Participation is open to academics of all levels and disciplines, and there is no charge to participate. More information and the registration form are available at http://lpowner.jayandleanne.com/sawg
. The deadline for first-round clusters is Friday, 30 June, with initial postings due Wednesday, 4 June.
Please feel free to circulate this announcement widely. 2013 participants will also receive an email with this information.
I checked the tags and poked around the site (which I've been watching for a long time), but didn't find anything on this topic, so here goes; hope it's not repetitive. ( My experience hiring transcriptionists for my master's researchCollapse )
Since then, however, freelancer-finding sites seem to have proliferated exponentially, and I'm having a hard time figuring out if any are discernibly better or worse or more or less legit than others. I also really feel like I got lucky with my transcriptionist last time, and that things could very easily have gone poorly. So I'm wondering if anyone has had luck with a particular site or service, or has any words of warning based on his or her experience hiring a transcriptionist, or has any other ideas about ways to do this.
Thanks in advance!
During the peer review process, how much revision can be done?
One of my papers is at the 2nd-review stage and the journal's stated that if we don't satisfy the reviewers this time around our paper will be rejected. I'm making the changes that were requested about 'my' sections of the paper and I trust my co-author to do the same for 'her' sections. But here's the awkward bit. For 'my' sections (the stats) I asked advice from a friend who's better at stats than I am. He's given good advice and my own thoughts have moved on, after mulling over the reviewers' comments. My friend also gave advice about other aspects of the paper. Aspects which don't seem to have bothered the reviewers at all.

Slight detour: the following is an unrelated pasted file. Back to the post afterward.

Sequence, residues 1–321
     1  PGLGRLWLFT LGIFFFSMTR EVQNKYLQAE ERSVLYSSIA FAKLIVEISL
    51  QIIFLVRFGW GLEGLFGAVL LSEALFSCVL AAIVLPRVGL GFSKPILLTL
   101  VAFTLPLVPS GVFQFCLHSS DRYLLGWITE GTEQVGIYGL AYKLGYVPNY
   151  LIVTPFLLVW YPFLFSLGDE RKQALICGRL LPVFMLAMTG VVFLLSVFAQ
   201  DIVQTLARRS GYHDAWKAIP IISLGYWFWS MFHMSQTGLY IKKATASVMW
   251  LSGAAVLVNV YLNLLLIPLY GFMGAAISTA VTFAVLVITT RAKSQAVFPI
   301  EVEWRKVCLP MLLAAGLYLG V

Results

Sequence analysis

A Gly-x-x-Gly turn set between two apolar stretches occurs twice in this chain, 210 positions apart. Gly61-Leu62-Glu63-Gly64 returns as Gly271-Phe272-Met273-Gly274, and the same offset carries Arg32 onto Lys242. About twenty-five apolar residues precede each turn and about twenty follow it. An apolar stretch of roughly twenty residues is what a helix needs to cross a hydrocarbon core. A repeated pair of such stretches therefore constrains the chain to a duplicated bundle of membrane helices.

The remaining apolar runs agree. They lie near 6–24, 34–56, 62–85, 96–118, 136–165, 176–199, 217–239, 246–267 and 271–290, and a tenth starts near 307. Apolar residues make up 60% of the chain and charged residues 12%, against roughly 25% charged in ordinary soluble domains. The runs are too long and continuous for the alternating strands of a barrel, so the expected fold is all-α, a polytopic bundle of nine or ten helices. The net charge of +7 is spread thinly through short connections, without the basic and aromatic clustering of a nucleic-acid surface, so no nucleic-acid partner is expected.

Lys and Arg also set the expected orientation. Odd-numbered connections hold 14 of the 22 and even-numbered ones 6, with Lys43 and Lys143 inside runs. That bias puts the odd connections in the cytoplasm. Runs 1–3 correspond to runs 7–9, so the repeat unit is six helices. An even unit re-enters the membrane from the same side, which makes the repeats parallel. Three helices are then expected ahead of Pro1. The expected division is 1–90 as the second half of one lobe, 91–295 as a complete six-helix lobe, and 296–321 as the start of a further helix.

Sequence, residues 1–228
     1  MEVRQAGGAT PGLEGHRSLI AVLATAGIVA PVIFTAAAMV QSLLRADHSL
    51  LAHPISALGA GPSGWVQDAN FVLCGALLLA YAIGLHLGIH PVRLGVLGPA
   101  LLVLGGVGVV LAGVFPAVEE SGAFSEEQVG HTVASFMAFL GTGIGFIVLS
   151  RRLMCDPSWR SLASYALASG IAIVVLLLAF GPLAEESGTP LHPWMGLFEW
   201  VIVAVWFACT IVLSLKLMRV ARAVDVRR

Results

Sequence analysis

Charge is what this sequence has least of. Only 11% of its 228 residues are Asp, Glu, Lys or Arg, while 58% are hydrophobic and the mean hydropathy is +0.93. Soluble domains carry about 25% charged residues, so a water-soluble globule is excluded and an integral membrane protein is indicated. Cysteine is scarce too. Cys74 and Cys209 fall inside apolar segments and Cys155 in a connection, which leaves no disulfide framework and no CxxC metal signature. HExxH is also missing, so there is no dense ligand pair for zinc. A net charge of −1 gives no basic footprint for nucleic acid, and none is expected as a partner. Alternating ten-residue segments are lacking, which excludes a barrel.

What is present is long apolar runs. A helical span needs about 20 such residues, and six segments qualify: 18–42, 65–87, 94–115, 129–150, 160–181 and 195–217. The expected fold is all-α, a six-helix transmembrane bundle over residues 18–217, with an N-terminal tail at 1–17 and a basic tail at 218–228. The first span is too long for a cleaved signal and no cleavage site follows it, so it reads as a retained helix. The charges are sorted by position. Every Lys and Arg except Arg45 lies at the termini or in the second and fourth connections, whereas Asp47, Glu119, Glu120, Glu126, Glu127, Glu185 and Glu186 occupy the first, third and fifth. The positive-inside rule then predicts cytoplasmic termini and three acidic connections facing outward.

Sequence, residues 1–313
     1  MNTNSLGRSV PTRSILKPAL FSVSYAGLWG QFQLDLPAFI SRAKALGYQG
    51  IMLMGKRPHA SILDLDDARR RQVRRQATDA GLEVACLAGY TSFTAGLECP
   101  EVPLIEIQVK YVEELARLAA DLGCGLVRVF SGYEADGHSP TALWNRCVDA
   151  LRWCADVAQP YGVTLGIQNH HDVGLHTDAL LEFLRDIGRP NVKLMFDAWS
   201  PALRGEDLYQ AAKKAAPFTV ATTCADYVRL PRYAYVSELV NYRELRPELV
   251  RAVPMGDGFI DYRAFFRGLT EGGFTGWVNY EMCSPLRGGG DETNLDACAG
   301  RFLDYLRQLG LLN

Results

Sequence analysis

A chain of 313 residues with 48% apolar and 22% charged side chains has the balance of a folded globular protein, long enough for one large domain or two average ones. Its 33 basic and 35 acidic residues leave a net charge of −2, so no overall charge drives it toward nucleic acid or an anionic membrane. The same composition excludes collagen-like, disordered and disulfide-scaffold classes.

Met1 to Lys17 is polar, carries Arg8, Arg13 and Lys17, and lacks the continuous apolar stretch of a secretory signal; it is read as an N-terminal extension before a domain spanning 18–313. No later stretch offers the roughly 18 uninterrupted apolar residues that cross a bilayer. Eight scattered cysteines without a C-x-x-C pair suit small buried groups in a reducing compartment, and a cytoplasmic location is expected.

My friend (who happens to be one of the people who turned me onto R, years ago) gave good advice. I'll use it next time I write a paper. But I'm not at all sure we should make changes at this stage, beyond the reviewers' comments. Would you?
This post published in 'Hightower lowdown' about the "Walmartisation" of the aspiring academic made for a rather depressing read. Has the state of American academia already spread to other parts of the world? Would unionisation help, or is it merely a minor delay to the inevitable?
Maybe I should abandon the increasingly unrealistic dream...
For those curious, this post was encountered in the 'Diaspora' network; see here
Hello again, anonymous academics.
Further to my previous post
I've just had a rather confusing reply from one of my ex-supervisors. My email to them said "On a separate note, I'm now in the final few months of my post-doc here at Western so I'm starting to look for a new job, ideally one which includes some teaching/lecturing. Are you both happy to be named as referees in any applications I send out?"
Her reply says "Regarding your application, I am afraid I cannot be your referee on this one as I am already the referee for someone else. Good luck!"
Now, either she's misunderstood what I've said, thinks I'm referring to one specific job opening, and feels there's a conflict of interest (seems unlikely, where would she have got that?), or she's refusing to be a referee for me at all, without explaining why (rather out of character; she's usually fairly upfront if she thinks there's a problem, and she hasn't mentioned anything being amiss).